Advertising Cultures

By Timothy Dewaal Malefyt; Brian Moeran | Go to book overview

3
Advertising, Production and Consumption
as Cultural Economy
Daniel Miller

This paper consists mainly of three case studies of the soft drink industry in Trinidad: The first focuses on an advertising campaign for a soft drink, the second on the advertising and consumption of Supligen – a soya-based drink, and the third on the production and consumption of Coca-Cola. Prior to presenting these casestudies I will briefly consider the methodological stance this work represents, in many ways a quite conservative sense of the merits of ethnography. I then turn to the theoretical debate that it raises which is that posed by recent attempts to rethink what we mean by the idea of a cultural economy. Finally, the case studies serve as demonstrations of the stance described.


The Methodology of Radical Empiricism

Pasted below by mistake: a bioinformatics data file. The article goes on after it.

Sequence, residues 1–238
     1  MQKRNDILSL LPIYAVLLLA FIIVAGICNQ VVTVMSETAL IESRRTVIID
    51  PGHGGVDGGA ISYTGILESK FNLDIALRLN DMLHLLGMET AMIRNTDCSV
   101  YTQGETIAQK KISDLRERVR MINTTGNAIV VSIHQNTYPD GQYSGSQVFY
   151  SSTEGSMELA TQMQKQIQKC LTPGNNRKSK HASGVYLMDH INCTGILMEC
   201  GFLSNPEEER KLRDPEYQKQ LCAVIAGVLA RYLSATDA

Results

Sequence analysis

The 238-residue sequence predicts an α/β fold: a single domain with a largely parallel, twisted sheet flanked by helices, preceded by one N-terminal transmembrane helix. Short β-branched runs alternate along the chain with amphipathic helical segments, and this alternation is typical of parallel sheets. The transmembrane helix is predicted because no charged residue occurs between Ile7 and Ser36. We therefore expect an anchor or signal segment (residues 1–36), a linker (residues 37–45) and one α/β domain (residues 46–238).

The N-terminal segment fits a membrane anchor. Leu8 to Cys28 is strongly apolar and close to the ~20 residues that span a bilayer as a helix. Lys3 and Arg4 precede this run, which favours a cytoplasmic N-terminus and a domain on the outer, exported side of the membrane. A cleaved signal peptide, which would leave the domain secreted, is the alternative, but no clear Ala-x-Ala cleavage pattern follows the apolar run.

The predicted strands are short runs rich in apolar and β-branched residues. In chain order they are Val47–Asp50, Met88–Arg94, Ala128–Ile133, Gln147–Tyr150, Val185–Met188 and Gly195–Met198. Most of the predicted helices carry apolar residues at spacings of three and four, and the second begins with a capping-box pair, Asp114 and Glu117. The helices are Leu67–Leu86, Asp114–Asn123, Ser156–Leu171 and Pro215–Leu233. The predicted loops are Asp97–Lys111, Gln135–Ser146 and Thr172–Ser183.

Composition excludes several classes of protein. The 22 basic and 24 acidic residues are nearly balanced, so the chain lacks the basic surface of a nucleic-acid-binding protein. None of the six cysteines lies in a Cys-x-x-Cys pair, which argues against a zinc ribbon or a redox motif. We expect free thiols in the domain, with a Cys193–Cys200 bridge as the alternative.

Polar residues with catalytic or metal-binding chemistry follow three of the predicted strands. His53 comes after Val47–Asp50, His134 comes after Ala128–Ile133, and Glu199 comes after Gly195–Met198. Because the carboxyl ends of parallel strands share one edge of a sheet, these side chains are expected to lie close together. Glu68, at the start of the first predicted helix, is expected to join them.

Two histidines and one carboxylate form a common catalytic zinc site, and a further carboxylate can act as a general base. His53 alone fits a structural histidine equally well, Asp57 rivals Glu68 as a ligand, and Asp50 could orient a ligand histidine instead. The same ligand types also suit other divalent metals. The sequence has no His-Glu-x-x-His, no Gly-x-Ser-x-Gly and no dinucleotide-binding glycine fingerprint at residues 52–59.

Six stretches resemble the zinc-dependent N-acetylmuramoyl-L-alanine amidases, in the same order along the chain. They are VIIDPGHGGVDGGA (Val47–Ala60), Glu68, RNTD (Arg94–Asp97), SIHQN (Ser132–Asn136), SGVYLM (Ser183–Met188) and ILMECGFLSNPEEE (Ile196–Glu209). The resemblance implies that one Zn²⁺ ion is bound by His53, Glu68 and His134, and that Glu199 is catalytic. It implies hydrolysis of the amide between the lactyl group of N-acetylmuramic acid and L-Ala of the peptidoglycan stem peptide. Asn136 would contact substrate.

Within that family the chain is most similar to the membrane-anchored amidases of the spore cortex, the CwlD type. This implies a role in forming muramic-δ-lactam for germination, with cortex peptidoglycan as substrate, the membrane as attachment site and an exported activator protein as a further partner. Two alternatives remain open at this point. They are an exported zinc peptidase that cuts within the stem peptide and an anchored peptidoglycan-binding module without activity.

The sense of anthropology conveyed by this discussion is probably about as unfashionable as it is possible to be. I would characterize my approach as analytical, structural, and holistic. Ethnographically the approach is based on participant observation within one site, at a time when anthropology favors multi-sited fieldwork. It is empathetic seeking to see things from the point of view of those observed, but analytically it does not identify the interests and reasons behind what informants do with what they say or the reasons they give. In general ‘cause’ as a phenomenon in this work tends to be viewed as structural rather than personal, largely the effect of contradictions within the institutions which to a great extent determine what people do. This is because I believe such structural contradictions are indeed the dominant cause of most human activity. While such an approach was fashionable during the 1980s when structuralist and Marxist approaches held sway it is at variance with much contemporary anthropology. Although language and intentionality are a part of what I study, I consider them limited in their ability to answer the question ‘why’ something happened. My interest is resolutely in social phenomena, hardly ever in individuals per se. My anthropology is primarily directed to the question of what it is that makes people, rather than what it is that

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